The ʻakekeʻe (Loxops caeruleirostris) is a bird species in the family Fringillidae, where it is placed in the Hawaiian honeycreeper genus Loxops. It is endemic to the island of Kauaʻi where it is found in small numbers in higher elevations. Because of their similar size, shape, and unusual bill, the ʻakekeʻe and the ʻakepa (Loxops coccineus) were for some time classified as a single species. This was eventually changed, because of differences in their color, nesting behavior, and calls.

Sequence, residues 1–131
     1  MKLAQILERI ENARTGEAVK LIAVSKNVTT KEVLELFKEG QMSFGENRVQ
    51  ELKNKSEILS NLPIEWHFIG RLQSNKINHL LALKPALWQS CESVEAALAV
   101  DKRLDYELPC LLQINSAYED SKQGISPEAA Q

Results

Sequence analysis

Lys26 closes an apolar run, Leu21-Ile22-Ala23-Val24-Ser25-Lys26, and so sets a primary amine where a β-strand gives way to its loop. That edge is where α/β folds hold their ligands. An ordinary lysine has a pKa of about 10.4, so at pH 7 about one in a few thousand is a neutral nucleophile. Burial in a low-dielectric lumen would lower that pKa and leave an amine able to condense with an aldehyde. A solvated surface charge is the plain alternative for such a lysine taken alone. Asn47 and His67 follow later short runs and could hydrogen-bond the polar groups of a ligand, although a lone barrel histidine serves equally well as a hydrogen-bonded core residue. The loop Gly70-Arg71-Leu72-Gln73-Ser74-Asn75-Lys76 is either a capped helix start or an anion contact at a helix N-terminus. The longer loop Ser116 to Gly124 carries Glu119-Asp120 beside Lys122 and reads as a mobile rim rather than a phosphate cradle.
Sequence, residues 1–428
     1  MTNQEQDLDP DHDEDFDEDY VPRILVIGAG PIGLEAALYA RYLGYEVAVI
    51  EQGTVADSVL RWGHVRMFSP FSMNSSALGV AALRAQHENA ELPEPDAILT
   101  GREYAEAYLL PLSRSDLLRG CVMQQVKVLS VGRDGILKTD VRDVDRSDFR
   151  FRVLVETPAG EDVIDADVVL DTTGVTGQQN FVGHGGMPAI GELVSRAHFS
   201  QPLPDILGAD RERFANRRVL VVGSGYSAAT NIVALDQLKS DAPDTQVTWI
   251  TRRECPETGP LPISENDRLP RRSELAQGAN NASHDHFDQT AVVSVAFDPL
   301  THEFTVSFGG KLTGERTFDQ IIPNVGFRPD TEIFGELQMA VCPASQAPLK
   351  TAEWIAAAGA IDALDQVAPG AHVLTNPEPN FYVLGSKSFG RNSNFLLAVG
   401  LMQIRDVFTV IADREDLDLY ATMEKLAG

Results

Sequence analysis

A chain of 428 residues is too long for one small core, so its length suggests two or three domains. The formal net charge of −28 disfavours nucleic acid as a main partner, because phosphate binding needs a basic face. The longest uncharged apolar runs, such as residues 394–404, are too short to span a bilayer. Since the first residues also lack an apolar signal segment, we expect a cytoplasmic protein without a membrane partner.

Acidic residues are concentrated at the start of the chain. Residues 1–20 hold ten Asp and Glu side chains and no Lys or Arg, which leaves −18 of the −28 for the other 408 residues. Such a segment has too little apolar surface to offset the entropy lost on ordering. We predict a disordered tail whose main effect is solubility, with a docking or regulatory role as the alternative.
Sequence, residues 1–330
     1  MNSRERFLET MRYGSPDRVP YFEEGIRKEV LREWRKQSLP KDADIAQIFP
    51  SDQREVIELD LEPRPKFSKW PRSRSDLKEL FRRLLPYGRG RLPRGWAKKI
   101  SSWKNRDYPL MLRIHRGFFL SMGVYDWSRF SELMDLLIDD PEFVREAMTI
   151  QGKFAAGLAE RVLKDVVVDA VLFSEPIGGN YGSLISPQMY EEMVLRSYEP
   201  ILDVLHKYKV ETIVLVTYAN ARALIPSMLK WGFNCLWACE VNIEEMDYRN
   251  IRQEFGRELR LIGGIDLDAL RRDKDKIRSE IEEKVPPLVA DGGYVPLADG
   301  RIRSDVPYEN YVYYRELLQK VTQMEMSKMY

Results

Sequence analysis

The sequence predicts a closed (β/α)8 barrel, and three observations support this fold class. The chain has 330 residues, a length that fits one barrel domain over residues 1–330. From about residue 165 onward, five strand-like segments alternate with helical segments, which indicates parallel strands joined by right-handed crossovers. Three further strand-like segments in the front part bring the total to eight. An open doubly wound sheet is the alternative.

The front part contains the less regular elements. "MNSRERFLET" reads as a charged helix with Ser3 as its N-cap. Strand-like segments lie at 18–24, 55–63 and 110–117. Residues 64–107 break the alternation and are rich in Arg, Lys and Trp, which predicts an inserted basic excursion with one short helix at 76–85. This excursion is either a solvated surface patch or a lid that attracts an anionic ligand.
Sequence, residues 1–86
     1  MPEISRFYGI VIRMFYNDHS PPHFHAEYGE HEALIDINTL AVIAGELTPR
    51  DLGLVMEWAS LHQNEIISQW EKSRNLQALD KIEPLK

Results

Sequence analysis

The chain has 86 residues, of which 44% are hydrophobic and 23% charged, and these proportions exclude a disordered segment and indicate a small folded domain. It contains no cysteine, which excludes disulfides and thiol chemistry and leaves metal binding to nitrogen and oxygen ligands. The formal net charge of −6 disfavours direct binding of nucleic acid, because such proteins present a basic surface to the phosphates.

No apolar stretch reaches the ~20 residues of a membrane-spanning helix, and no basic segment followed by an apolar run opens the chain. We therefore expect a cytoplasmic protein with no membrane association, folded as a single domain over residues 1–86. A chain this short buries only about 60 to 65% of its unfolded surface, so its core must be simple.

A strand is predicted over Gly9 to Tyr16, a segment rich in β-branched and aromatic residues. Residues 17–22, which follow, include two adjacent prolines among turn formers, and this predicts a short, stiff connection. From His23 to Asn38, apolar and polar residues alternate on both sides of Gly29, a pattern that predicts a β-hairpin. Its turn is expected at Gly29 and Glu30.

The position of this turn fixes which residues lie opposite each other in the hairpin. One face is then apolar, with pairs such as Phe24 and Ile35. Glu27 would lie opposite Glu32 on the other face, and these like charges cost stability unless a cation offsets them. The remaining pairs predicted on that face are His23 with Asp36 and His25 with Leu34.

The ʻakekeʻe is currently found only in the Waimea Canyon State Park, Alakaʻi Wilderness Preserve and Kōkeʻe State Park. It has been heading toward extinction because of its lack of tolerance to alteration of its habitat, which is based on mesic and wet forests, especially ʻōhiʻa lehua (Metrosideros polymorpha) trees.